From intricate art creations to work-related tasks to those everyday repetitive motions of scrolling through your phone — our hands do more delicate work than we realize.
While most of these activities seem relatively safe, they can actually lead to the development of carpal tunnel syndrome (CTS).
What is carpal tunnel syndrome?
Carpal tunnel syndrome happens when the main nerve that runs through the hand — also called the median nerve — is compressed as it travels through the wrist.
It can cause symptoms such as numbness or tingling in the hands, a burning sensation and reduced dexterity. If left untreated, it can even cause permanent damage including weakness or loss of feeling in the hand and may need surgery to correct.
There are several ways to treat and prevent CTS such as avoiding repetitive motions, taking breaks from long hours of typing, regular stretching or massage of the hands and making sure you are using the proper hand placement and posture if you spend hours a day at a desk.
Treatment of CTS with splints and braces
While there are many treatments for CTS — such as physical therapy and surgery — sometimes using braces or splints is an option. CTS can be painful and most patients want quick relief from the pain.
The splint is worn over the hand to help support and stabilize the wrist. It puts the wrist in a position that places the least amount of pressure on the median nerve, reducing pain and further injury.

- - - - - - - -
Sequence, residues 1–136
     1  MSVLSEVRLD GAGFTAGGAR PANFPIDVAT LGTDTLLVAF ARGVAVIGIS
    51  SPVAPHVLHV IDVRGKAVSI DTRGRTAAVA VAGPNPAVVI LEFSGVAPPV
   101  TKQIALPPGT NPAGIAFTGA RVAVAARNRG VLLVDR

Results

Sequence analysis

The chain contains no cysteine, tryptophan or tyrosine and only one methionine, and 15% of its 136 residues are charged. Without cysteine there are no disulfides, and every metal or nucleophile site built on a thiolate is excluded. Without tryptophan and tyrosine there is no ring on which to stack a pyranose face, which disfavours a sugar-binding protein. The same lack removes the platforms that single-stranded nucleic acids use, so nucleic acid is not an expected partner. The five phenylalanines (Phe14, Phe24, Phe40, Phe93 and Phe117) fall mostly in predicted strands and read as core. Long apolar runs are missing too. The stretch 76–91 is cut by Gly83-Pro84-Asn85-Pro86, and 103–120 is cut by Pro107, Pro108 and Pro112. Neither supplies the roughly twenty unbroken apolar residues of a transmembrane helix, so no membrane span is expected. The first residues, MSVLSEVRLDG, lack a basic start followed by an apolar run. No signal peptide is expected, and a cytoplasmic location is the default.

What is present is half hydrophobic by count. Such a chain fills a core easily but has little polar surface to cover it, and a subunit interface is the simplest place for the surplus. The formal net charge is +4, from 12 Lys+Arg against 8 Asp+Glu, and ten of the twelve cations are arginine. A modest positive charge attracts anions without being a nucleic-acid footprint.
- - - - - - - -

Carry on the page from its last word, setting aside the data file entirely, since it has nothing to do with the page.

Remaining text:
Splints are not a cure for CTS, but they can give temporary relief of pain and other symptoms. They also come in two main types including working splints and resting splints.
Working splints are typically used during the daytime to help keep your wrists in the proper position while working or other daytime tasks. Resting splints, sometimes known as nighttime splints, reduce pressure on the median nerve and help relieve pain if you have slept with your wrists in an awkward or damaging position.
The pros of using splints include the fact that no drugs are involved, they can be worn during pregnancy, they are a non-surgical option and are a low-cost option.
The main con of splinting is that it is not a cure for CTS. They are typically only useful when symptoms are mild and can interfere with some activities that require a strong grip which include driving.
While less rigid than a splint, a brace can also provide some relief. Although you may still notice the tingling or numbness.
The pros of using a brace are that they are easily accessible and available at most drug stores. They are less restricting than splints — but like a splint, it may help to wear them during your daily activities and at night to keep your CTS symptoms from flaring up.
The biggest con is that they are less supportive than a splint. While they are easily accessible, finding a brace that fits you properly where it can work at its optimal level may be difficult. While available in several sizes, it is sort of a one size fits all mentality.
Both splints and braces can be specifically designed for your body through your healthcare provider, but a custom brace or splint can be cost prohibitive if you do not have insurance or if your plan does not cover it as a medical device.
To learn more about carpal tunnel syndrome treatments or to find an orthopedic specialist near you, please call 770-214-CARE (2273) at any time or visit TannerOrtho.org.